In the past, King has come out strongly in favor of a constitutional amendment defining marriage as one-man-one-woman and has been rated an inspiring 0% by the Human Rights Campaign (HRC), because of his anti-gay-rights stance. So, in theory, if there were no lesbians and none who wanted to marry, King could have given his full support.

You might recall that Congressman King last August made an ass of himself by claiming that he had never personally heard of a child getting pregnant from statutory rape or incest.

King later said that the remark was taken out of context. What he really meant was that he personally hasn’t known a child who was pregnant from rape or incest. (The Republican elite surely must have breathed a sigh of relief at this news at least) 

In fact, as soon as King uttered those careless word, he should have abstained from any vote on legislation protecting women on the grounds of ignorance. In a country where 15% of sexual assault and rape victims are under age 12 and 93% of juvenile sexual assault victims know their attacker with 34.2% of attackers were family members, there’s no excuse for King’s ignorance.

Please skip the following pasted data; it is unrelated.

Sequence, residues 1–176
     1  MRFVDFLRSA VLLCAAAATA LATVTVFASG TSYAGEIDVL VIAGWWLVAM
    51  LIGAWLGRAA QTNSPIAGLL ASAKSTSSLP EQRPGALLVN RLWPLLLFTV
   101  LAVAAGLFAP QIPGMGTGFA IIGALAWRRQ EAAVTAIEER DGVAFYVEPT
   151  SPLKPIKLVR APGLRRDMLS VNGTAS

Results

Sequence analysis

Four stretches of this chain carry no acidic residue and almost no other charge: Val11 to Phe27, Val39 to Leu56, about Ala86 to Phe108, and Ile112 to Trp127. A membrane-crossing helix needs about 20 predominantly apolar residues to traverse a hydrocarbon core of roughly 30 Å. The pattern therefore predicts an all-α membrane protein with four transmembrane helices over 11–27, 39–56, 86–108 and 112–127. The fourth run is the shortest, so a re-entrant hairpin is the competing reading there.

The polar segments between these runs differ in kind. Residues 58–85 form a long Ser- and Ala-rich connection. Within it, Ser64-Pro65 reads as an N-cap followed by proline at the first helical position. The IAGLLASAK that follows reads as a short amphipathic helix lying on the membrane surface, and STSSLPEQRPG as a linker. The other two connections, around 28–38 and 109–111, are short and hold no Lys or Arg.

Tom Cotton voted against VAWARep. Tom Cotton of Arkansas
Of all of those that opposed VAWA, Justin Amash against VAWA of Arkansas’ 4th Congressional District is probably the most respectable. A graduate from Harvard College and Harvard Law School, Cotton enlisted the U.S. Army in 2005. After four years of serving in Iraq and Afghanistan, he completed his tours as a captain. 
Cotton threw his John Deere in the Congressional race when five-term incumbent Mike Ross stepped out. He defeated State Senator Gene Jeffress- whose habit of jumping between Houses finally caught up with him- with 59% of the vote. 

Make no mistake. Congressman Cotton is certainly a politician to watch out for. If the GOP have any hope of winning a majority in the Senate, the Senate race in Arkansas is a must-win. Republicans have been pushing hard to get Cotton to run for the Senate seat against Democrat Senator Mark Pryor. 
Cotton recently raised some eyebrows with an op-ed piece in the Wall Street Journal which came out against the Chuck Hagel nomination for Defense Secretary.
Unlike the current secretary of defense, Mr. Hagel seems willing to accept devastating cuts to defense spending, calling the U.S. military "bloated" and in need of being "pared down."
Never mind the fact that John Boehner, who will just last week attended a fundraiser for Cotton, was unwilling to do anything to stop the Sequester fiasco. Never mind that According to the White House, under the sequester there would be a 9.4 percent cut to most defense programs and a 10 percent cut to a handful of other Pentagon accounts that are not subject to annual congressional appropriations. 

Never mind that. Cotton feels Hagel is the problem.